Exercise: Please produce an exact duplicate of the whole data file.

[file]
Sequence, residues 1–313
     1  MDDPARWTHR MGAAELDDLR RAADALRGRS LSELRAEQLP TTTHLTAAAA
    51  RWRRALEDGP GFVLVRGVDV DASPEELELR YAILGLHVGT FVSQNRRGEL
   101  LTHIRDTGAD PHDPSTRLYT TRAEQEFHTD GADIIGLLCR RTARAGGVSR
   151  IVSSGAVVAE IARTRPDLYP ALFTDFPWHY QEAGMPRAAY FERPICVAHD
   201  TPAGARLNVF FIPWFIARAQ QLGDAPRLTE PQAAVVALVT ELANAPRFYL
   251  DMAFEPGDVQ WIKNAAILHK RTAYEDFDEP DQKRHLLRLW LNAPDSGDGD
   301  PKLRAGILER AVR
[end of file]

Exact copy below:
Sequence, residues 1–313
     1  MDDPARWTHR MGAAELDDLR RAADALRGRS LSELRAEQLP TTTHLTAAAA
    51  RWRRALEDGP GFVLVRGVDV DASPEELELR YAILGLHVGT FVSQNRRGEL
   101  LTHIRDTGAD PHDPSTRLYT TRAEQEFHTD GADIIGLLCR RTARAGGVSR
   151  IVSSGAVVAE IARTRPDLYP ALFTDFPWHY QEAGMPRAAY FERPICVAHD
   201  TPAGARLNVF FIPWFIARAQ QLGDAPRLTE PQAAVVALVT ELANAPRFYL
   251  DMAFEPGDVQ WIKNAAILHK RTAYEDFDEP DQKRHLLRLW LNAPDSGDGD
   301  PKLRAGILER AVR